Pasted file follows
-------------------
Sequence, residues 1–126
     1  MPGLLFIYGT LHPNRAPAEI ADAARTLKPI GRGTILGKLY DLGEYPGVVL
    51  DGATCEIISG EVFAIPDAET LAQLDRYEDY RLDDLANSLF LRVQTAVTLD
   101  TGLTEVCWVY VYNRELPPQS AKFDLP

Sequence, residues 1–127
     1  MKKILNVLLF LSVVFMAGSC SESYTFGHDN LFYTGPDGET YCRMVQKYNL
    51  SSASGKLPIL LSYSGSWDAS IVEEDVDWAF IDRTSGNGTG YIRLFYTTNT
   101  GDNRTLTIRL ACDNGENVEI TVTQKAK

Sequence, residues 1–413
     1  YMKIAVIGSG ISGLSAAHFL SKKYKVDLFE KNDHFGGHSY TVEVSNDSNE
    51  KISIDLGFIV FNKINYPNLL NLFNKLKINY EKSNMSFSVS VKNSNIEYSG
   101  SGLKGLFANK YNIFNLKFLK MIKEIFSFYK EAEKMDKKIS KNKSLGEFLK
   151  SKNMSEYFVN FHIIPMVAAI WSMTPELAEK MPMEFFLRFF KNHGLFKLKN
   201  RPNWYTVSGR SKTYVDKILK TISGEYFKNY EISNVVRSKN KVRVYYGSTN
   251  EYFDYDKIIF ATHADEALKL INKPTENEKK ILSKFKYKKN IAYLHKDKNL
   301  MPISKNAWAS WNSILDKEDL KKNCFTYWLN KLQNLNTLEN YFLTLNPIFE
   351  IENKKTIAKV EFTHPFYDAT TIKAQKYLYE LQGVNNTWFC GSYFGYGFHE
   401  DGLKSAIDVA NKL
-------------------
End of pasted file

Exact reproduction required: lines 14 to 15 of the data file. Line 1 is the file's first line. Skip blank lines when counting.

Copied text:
   201  RPNWYTVSGR SKTYVDKILK TISGEYFKNY EISNVVRSKN KVRVYYGSTN
   251  EYFDYDKIIF ATHADEALKL INKPTENEKK ILSKFKYKKN IAYLHKDKNL